Human traffickers and scammers operating within major cities are reported to be targeting young people looking to leave Burma for work due to the increasing scarcity of domestic job opportunities.
The Myanmar Overseas Employment Agencies Federation (MOEAF), a recruitment watchdog based in Yangon, said yesterday that it had rescued another 160 Burmese nationals illegally transported to Thailand.
When stopped by MOEAF, the group said that they had been collected by three brokers at a monastery by the east wing of Yangon’s Shwedagon Pagoda on Jan. 16.
On Jan. 18, a total of 51 people who said that they had been stationed by brokers at a hostel in Min Ye Kyaw Swar Road, in Yangon’s North Dagon township, were released by MOEAF. The federation says it is now attempting to reclaim money and passports that were taken by brokers.
“We are from Phyu city. We followed the broker as he told us he would send us via the official route. We paid him K170,000 [US$90] for a passport, and another K18 lakh [US$950] two days ago. He said we would be given work at an electronics factory in Thailand and earn THB330 [USD10] per day. We were told to wait here whilst he was making the Overseas Workers Identification Card. We have been stuck here now for ten days,” a man who was collected by MOEAF in North Dagon told DVB.
MOEAF said that workers looking to work abroad are often deceived by brokers operating on Facebook.
“I would like to suggest that people refer to official pages on Facebook, such as Safe Migration and MOEAF, rather than putting faith in the pages of scammers. Anyone with doubts can message us and have their concerns addressed — this includes workers who have already been taken abroad. A worker sent abroad by a criminal organization recently returned to Burma without receiving his salary — after we discussed it with the organization, they paid him,” a MOEAF spokesperson told DVB.
Under a Memorandum Of Understanding (MoU) between Burma and Thailand’s labor ministries, Thailand sets an annual quota of Burmese migrant workers who may be given legal migration status due to the country’s chronic labor shortage.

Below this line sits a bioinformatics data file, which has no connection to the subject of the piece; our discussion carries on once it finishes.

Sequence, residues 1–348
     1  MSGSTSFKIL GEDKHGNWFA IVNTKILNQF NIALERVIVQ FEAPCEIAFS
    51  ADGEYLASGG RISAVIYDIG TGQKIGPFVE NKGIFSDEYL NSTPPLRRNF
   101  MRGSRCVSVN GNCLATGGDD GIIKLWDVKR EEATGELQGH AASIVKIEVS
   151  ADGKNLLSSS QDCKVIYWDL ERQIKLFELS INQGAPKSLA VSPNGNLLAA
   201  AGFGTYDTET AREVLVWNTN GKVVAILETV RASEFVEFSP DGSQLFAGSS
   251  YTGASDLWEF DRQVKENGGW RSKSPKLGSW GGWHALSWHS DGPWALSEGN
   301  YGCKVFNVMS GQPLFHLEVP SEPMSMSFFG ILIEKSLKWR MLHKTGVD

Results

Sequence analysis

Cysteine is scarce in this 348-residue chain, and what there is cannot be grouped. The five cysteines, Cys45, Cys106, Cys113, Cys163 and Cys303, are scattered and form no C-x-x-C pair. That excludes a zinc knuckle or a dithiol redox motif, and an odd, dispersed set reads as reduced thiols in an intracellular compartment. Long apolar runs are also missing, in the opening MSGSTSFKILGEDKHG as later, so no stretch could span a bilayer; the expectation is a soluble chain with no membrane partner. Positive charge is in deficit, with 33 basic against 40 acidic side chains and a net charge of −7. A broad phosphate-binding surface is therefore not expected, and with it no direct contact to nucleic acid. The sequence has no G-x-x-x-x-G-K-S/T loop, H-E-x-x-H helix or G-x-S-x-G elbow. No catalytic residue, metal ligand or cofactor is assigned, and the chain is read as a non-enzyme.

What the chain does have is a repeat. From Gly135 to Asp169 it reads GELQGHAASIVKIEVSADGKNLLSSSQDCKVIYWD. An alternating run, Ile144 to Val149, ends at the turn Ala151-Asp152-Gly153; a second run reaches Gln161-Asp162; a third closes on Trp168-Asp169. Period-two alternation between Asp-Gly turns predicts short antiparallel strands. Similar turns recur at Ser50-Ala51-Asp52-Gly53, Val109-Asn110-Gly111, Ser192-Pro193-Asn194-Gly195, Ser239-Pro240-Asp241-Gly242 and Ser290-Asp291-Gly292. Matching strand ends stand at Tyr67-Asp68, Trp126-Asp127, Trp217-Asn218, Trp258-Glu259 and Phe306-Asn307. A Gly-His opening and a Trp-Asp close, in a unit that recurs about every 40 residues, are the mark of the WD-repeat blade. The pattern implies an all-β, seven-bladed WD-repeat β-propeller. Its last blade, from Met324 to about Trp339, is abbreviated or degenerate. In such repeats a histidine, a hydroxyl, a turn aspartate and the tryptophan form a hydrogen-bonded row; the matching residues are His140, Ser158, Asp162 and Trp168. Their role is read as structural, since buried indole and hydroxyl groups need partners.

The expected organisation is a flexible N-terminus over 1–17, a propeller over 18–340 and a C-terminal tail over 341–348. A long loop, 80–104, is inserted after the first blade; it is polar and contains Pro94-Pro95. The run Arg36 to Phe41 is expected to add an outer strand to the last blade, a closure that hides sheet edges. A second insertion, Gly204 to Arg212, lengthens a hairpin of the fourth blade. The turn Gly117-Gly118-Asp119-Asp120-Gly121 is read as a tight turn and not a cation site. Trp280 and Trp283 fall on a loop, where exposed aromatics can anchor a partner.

However, the MoU system was temporarily suspended after March 18, 2020, due to fears of the spread of COVID-19.
Abusing this situation, traffickers are persuading young people in rural areas, increasingly desperate for an escape from Burma’s disastrous post-coup economy, to pay large sums of money for the promise of manual work abroad.
Before the coup, Thai anti-trafficking authorities rarely reported arresting more than 20 illegal migrants a week. Now, it is not unusual for over one thousand undocumented Burmese to be picked up and sent back across the border, or worse.
Despite announcing that it was to reintroduce its MoU system in late December, the two ministries are reported still to be negotiating a plan for the safe migration of workers.
On the night of Jan. 18, hundreds of Burmese migrant workers lined up at the gates of the Thai Union Group PCL factory in Maha Chai in Samut Sakhon province, central Thailand, spurred on by rumors of jobs and documentation.
Barred from entry, many from the group were later arrested by the local Thai police force, said Khaing Gyi, director of the Aid Alliance Committee (AAC), a group assisting Burmese migrants in Thailand.
“It wasn’t announced officially. It is strange that they were told to apply for a job at night time. After hundreds of workers had arrived, staff from the factory shouted over loudspeakers that the police were coming. As far as I know, nearly 100 workers were arrested that night,” he said.
Most of those arrested were yesterday said to have been released and handed fines ranging from THB5,000 to THB10,000.
According to DVB’s research, more than 30,000 undocumented workers have crossed into Thailand looking for work since the coup.